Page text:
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CWM Chemical Services, LLC - Supplemental Discovery Ruling on Protective Order and Interrogatories, March 8, 2022

Ruling, March 8, 2022

NEW YORK STATE
DEPARTMENT OF ENVIRONMENTAL CONSERVATION

In the Matter of Applications for Permits pursuant to Articles 17,
19, 24, and 27 of the Environmental Conservation Law (ECL);
Parts 201-5 (State Facility Permits), 373 (Hazardous Waste
Management Facilities), 663 (Freshwater Wetlands Permit
Requirements), 750 (State Pollutant Discharge Elimination
System [SPDES] Permits) of Title 6 of the Official Compilation
of Codes, Rules and Regulations of the State of New York (6 NYCRR);
Section 401 of the federal Clean Water Act (CWA); and
6 NYCRR 608.9 (Water Quality Certifications),

by

CWM Chemical Services, LLC,
Applicant (RE: Residuals Management Unit - Two [RMU-2]).

DEC Permit Application Nos.: 9-2934-00022/00225
9-2934-00022/00231
9-2934-00022/00232
9-2934-00022/00233
9-2934-00022/00249

NEW YORK STATE FACILITY SITING BOARD

In the Matter of an Application for a Certificate of Environmental Safety and Public Necessity pursuant to 6 NYCRR Part 361 (Siting of Industrial Hazardous Waste Facilities) by

CWM Chemical Services, LLC,
Applicant (RE: Residuals Management Unit - Two [RMU-2]).

March 8, 2022

Supplemental Discovery
Ruling Granting CWM's Motion for Protective Order
With respect to Ms. Witryol's Document Demand No. 18, and
CWM's Objections to Ms. Witryol's Interrogatories

With the scheduling order dated May 25, 2021, I granted leave for the parties to serve supplemental discovery demands. The scheduling order directed the parties to serve any discovery demands by June 8, 2021. (See Scheduling Order dated May 25, 2021, at 2.) Ms. Witryol served her first notice to produce dated June 8, 2021, upon CWM, which consisted of 25 document demands.

In the First Order regarding Supplemental Discovery, dated July 2, 2021, (at 2), I denied Ms. Witryol's request for a subpoena and leave to depose a CWM employee, and authorized the use of interrogatories. Ms. Witryol served CWM's counsel with Interrogatory/Document Request to CWM dated December 21, 2021.

This ruling considers the following. The first is CWM's pending request for a protective order with respect to Ms. Witryol's document demand No. 18. The second is CWM's motion to strike Ms. Witryol's interrogatories.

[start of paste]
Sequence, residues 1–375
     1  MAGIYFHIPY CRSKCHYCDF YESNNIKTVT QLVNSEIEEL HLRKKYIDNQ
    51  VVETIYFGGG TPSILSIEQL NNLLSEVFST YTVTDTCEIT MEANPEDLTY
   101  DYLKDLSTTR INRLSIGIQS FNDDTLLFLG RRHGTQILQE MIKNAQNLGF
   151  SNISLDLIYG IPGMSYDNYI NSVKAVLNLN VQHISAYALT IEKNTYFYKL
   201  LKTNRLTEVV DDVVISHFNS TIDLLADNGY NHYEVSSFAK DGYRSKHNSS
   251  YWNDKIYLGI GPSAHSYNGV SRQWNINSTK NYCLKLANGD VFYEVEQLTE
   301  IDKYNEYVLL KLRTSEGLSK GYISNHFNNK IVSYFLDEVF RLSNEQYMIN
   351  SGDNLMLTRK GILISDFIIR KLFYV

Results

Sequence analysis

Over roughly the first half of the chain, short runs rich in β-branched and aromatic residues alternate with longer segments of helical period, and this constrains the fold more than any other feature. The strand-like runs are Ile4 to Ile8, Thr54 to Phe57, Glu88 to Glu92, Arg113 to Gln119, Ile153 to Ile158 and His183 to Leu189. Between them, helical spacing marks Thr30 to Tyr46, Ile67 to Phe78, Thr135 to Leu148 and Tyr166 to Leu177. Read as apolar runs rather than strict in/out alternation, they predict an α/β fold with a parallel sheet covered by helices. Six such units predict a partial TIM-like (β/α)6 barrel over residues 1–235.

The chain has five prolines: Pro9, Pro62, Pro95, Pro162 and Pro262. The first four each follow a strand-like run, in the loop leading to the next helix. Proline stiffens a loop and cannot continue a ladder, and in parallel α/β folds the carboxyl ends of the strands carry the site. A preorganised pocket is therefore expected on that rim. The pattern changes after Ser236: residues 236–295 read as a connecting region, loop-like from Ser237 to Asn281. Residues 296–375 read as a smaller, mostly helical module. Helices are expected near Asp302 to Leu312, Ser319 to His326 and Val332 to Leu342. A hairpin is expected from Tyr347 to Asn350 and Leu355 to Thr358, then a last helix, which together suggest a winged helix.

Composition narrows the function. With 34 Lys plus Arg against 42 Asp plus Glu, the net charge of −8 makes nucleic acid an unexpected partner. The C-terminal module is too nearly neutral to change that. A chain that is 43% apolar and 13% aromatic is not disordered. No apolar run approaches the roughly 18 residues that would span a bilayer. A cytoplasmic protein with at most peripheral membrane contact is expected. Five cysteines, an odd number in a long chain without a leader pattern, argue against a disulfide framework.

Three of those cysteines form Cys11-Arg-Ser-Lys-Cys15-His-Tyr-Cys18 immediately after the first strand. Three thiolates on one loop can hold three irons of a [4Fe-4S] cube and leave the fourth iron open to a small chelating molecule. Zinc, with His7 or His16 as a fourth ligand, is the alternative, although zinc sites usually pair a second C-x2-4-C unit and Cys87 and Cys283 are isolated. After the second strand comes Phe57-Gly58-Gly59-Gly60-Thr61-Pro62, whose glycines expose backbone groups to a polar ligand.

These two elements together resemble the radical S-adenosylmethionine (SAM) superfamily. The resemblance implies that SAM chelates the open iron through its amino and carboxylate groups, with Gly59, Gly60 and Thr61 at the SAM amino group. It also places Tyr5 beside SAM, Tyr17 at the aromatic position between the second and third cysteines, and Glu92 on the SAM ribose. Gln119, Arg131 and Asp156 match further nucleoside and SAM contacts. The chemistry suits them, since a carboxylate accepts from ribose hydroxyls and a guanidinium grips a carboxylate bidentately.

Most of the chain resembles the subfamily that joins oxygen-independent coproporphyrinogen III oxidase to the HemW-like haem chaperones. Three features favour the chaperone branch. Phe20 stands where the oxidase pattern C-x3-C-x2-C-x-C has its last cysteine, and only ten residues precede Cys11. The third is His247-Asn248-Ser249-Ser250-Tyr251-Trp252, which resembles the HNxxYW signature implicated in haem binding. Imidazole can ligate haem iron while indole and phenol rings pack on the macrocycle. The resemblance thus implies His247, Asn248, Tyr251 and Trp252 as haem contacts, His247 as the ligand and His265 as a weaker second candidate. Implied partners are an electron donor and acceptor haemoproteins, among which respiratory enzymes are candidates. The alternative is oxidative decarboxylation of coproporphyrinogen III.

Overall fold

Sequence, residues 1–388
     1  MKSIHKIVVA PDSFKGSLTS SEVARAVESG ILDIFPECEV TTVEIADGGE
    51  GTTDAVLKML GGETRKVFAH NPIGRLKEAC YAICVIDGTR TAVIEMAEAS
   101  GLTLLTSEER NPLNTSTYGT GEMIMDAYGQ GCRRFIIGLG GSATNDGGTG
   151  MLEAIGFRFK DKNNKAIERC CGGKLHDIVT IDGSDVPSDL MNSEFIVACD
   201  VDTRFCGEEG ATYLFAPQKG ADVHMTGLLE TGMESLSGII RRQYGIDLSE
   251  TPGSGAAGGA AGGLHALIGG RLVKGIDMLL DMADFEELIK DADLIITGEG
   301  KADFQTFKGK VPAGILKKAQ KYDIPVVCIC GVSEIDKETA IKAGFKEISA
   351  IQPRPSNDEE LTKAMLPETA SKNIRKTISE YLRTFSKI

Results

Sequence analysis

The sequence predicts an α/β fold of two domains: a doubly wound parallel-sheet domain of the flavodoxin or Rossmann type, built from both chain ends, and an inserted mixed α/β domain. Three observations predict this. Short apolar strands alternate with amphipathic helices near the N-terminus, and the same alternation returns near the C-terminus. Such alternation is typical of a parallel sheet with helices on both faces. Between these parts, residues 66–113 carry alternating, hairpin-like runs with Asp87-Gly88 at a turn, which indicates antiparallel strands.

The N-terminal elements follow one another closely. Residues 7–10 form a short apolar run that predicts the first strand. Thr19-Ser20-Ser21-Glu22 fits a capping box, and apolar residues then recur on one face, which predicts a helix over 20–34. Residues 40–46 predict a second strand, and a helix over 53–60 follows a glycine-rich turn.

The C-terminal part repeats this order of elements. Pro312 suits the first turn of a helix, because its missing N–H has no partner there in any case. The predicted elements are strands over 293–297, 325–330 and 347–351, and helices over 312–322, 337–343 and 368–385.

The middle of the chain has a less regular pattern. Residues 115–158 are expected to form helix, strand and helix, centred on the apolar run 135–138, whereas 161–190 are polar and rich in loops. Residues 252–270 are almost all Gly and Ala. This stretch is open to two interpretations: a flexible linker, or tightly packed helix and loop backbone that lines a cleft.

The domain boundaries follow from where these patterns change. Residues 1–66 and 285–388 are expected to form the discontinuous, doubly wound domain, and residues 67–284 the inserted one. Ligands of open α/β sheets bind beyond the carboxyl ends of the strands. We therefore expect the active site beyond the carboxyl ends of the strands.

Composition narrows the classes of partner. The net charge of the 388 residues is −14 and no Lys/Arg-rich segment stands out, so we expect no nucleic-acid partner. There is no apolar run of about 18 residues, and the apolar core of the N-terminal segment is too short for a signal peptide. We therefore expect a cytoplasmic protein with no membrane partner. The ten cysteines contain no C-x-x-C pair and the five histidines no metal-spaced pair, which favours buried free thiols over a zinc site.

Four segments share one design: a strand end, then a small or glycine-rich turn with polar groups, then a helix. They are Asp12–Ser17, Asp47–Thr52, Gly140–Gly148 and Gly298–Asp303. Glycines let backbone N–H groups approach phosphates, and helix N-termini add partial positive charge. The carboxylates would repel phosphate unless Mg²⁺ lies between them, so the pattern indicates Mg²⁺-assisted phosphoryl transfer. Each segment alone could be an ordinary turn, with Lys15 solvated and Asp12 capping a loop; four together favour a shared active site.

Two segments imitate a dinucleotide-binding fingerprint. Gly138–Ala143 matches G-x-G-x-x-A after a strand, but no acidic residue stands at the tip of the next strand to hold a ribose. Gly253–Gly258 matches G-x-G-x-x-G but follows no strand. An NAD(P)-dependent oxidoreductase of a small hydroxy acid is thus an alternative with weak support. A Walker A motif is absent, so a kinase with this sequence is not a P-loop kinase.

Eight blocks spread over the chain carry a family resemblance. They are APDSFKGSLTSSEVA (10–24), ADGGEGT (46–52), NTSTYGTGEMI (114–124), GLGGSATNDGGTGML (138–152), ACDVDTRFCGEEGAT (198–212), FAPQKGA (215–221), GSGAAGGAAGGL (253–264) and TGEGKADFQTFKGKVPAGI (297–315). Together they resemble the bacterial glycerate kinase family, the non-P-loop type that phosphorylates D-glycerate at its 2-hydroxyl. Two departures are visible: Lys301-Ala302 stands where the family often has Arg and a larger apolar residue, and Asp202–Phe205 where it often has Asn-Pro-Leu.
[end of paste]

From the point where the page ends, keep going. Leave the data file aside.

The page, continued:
I. Document Demand No. 18

In the Fourth Order regarding supplemental discovery dated September 15, 2021, I authorized CWM to file a motion for protective order with respect to Ms. Witryol's June 8, 2021 document demands. With an email from Mr. Kuhn dated September 30, 2021, CWM moved for a protective order from document demands Nos. 17, 18, 19, and 23. With emails dated October 21, 2021, Ms. Witryol responded. I issued a ruling dated November 10, 2021, which granted, in part, CWM's motion for a protective order.

However, I reserved on CWM's motion with respect to Ms. Witryol's document demand No. 18, pending an in camera review of documents. I noted in the ruling that it was not clear whether CWM had provided all documents in its possession, custody, or control responsive to document demand No. 18, or whether CWM possessed responsive documents, in addition to those already disclosed, that CWM asserted are exempt from disclosure. (See Ruling Granting CWM's Motion for Protective Order, dated November 10, 2021 [Ruling], at 6.)

The Ruling (at 6) directed CWM to provide me with a hard copy of any responsive documents not disclosed, and an explanation addressing the applicable factors at 6 NYCRR 616.7(c)(2)(ii-vii). I also directed CWM to identify any additional privileges that may also apply to all or some of the documents that would exclude the disclosure of them (see e.g. CPLR 3101[b-d]).

In a letter dated December 24, 2021, CWM outlined the bases for the claim that any additional documents responsive to document demand No. 18, as revised, should be considered confidential commercial information, as that term is defined at 6 NYCRR 616.7(c)(2)(i)(b), and should be exempt from disclosure pursuant to the criteria outlined at 6 NYCRR 616.7(c)(2)(ii-vii).

CWM included two exhibits with its December 24, 2021, letter. Exhibit A is a copy of CWM-7231 through CWM-7233, which provides additional information about the information initially provided in CWM-69 (RMU-2 Construction Costs and Associated Facilities). According to CWM, it produced the information identified as Exhibit A in a response made on September 30, 2021.

Exhibit B is a set of documents that it contends is confidential commercial information (see 6 NYCRR 616.7[c][2][i][b]). CWM seeks a protective order for the set of documents identified as Exhibit B.

CWM states that the construction of the proposed RMU-2 landfill, and related facilities would generally be subject to a competitive vendor bidding process. CWM, however, has not commenced the competitive bidding process because approvals are pending before the Siting Board and the Department. Consequently, CWM states further that it does not possess any documents establishing that any particular future goods and services necessary for the construction of the proposed RMU-2 landfill and related facilities would be purchased from any specific business in Niagara County.

According to CWM, the disclosure of the information in Exhibit B would result in expense, disadvantage, and other prejudice to it (see 6 NYCRR 624.7[d][1]). CWM states further that Mr. N'Dolo did not review, consider, or rely upon the information in Exhibit B in preparing either the MRB Report or his portion of the pre-filed direct testimony. CWM argues further that the information in Exhibit B is not relevant, and referenced Arch Ins. Co. v Delric Constr. Co., Inc. (174 AD3d 560 [2d Dept 2019]) to support its argument.